One of the simplest methods to undermine the appearance of realism in digital art is to use light and shadow effects when the light sources differ and various layers in Photoshop or objects are lighted and darkened from different angles.
When you use the Global Light option in effects like Bevel and Emboss, Drop Shadow, and others, you ensure their light sources all correlate, that highlights arrive from the same location, and that shadows are thrown in the same direction, even across numerous objects and layers.
After you’ve created your effects to use the Global Light, you can alter where that light comes from by going to Layer > Layer Style > Global Light and adjusting the Angle and Altitude of the Global Light. You can even witness all of your effects alter as they adjust to the shifting location of the Global Light if you click the Preview option.
To apply a global lighting aspect to your video clip, do the following:
Photoshop moves the Global Light track to the top of the track stack in the Timeline panel.
Choose Bevel & Emboss, Inner Shadow, or Drop Shadow since they all include a Use Global Light option. When you select an option, Photoshop displays the Layer Style dialog box.
Set the angle you desire for the first section of your project using the Angle slider (you can alternatively put a value into the area to its right), then select the Use Global Light option and click OK.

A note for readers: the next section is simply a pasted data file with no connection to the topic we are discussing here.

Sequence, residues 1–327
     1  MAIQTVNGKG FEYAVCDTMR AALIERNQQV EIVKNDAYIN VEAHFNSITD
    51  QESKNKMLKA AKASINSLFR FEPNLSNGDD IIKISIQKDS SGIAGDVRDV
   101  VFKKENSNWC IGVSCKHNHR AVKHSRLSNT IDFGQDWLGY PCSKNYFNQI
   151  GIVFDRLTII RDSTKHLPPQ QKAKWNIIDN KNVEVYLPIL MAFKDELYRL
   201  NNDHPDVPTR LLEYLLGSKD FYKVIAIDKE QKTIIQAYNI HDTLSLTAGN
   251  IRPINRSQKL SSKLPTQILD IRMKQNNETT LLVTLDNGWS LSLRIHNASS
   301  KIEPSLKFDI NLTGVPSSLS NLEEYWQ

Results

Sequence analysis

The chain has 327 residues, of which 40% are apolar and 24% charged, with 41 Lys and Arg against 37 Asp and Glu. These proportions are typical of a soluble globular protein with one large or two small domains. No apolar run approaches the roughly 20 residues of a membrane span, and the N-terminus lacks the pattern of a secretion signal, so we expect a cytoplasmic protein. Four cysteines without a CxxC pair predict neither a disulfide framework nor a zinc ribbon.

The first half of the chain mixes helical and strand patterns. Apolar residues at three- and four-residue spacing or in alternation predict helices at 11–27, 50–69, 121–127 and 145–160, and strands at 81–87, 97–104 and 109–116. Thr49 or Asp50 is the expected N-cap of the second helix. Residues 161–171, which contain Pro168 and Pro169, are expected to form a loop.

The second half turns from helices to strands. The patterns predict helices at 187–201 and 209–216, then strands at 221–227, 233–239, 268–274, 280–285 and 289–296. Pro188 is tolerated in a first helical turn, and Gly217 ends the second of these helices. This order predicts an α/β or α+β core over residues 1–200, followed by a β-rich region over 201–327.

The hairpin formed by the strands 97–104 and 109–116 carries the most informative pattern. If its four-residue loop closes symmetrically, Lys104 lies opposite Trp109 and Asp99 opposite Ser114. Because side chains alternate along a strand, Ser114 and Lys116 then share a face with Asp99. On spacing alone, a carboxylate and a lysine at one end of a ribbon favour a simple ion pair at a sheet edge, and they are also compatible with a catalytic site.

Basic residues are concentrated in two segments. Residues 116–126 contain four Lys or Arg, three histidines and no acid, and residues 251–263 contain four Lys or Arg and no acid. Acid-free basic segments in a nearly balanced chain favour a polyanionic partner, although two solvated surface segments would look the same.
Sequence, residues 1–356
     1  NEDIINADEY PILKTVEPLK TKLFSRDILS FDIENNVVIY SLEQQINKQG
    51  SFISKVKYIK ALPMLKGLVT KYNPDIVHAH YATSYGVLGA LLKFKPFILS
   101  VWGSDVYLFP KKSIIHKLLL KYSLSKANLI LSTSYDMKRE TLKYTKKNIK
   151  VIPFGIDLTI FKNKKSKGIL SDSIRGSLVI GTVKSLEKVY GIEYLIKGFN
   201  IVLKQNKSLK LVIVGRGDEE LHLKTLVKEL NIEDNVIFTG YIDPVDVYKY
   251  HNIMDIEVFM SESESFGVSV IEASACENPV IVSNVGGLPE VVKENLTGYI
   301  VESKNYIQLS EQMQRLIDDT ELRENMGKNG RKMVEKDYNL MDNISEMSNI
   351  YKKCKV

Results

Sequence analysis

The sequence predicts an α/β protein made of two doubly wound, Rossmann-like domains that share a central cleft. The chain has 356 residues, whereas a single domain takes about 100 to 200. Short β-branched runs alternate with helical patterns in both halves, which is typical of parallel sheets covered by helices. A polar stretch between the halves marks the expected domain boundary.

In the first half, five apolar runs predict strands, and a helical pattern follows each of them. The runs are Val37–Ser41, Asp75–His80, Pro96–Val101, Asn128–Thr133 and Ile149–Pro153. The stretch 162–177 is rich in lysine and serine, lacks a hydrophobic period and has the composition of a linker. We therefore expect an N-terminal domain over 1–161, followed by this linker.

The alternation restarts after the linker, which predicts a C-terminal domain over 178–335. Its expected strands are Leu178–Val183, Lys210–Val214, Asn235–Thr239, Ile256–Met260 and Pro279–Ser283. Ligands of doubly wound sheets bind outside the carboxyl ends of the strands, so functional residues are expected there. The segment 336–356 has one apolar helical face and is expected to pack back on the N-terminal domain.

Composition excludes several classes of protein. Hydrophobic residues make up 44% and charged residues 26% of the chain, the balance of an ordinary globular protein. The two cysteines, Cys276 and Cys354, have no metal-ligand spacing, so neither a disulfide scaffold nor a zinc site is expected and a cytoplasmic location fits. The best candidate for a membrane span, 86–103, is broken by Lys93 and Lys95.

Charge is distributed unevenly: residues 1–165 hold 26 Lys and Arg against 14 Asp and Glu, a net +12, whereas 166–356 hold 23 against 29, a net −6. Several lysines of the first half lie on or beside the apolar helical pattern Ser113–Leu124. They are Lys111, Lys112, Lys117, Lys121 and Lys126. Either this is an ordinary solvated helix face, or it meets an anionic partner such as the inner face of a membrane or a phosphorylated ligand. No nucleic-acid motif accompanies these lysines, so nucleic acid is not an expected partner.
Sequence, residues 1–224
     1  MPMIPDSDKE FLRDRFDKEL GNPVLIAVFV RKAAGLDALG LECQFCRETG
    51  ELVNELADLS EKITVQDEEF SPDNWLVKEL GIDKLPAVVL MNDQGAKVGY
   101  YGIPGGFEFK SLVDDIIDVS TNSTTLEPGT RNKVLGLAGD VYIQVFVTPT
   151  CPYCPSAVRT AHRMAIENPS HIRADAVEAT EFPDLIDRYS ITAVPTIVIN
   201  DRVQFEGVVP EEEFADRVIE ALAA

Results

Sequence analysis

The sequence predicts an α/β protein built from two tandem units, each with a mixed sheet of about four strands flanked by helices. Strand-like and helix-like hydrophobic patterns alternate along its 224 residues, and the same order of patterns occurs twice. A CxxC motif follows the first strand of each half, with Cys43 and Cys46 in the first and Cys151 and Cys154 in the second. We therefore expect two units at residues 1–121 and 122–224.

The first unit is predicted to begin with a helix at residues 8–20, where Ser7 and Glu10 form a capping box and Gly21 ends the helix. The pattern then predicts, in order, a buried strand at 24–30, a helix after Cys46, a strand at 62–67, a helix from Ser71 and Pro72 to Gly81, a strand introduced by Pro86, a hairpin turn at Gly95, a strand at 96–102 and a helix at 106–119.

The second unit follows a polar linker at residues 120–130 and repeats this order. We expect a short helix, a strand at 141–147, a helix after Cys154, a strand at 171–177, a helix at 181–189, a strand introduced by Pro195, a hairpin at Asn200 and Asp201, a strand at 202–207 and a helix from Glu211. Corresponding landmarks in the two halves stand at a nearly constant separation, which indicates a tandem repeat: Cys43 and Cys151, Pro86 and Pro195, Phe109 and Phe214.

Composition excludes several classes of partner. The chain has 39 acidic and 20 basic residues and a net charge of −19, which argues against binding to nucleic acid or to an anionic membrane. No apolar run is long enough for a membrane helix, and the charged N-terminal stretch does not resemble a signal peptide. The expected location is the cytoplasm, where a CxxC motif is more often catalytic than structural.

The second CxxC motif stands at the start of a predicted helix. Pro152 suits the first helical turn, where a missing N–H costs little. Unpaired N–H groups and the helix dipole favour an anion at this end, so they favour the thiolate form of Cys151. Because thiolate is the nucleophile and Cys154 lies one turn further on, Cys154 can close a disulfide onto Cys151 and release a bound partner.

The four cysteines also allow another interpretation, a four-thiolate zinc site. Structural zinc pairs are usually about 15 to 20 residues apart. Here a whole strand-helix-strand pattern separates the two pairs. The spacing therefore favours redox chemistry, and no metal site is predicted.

Click the First Frame button or drag the playhead all the way to the left to place it. Click the stopwatch symbol to the left of the Global Light track’s name to add the keyframe; the keyframe automatically adopts the lighting angle you defined in the Layer Style dialog box.
You’re finished if you want the lighting angle to stay consistent throughout your project. Go to the following step if you wish to adjust the angle anyplace in the project.
Double-click the name of the style you applied in Step 3 (for example, Bevel & Emboss) to return to the Layers panel. Change the Angle option in the resultant Layer Style dialog box, then click OK.
To add a new keyframe, click the diamond on the Global Light track. The keyframe takes the new lighting angle you specified in the layer style and maintains it until the end of your project, or until you create a new global-lighting keyframe.
The Lighting Effects filter allows you to create a variety of lighting effects on RGB photos. You may also employ grayscale textures (called bump maps) to create 3D effects and store your own styles for use in other photographs.
Note: the Lighting Effects filter in Photoshop only works on 8-bit RGB photos. Lighting Effects need a compatible visual card.
Lighting effects have three main types, which are as follows
Point: Like a light bulb, it shines light in all directions from right above the picture.
Infinite: Like the sun, it casts light across a whole plane.
Spot: Casts an elliptical light beam. The preview window’s line sets the light direction and angle, while the handles define the ellipse’s boundaries.
Here are a few examples of using a global light option in Photoshop.
Global light is a setting that applies to bevels and embosses, inner shadow, and drops shadow and is used to generate uniform lighting throughout all of your effects.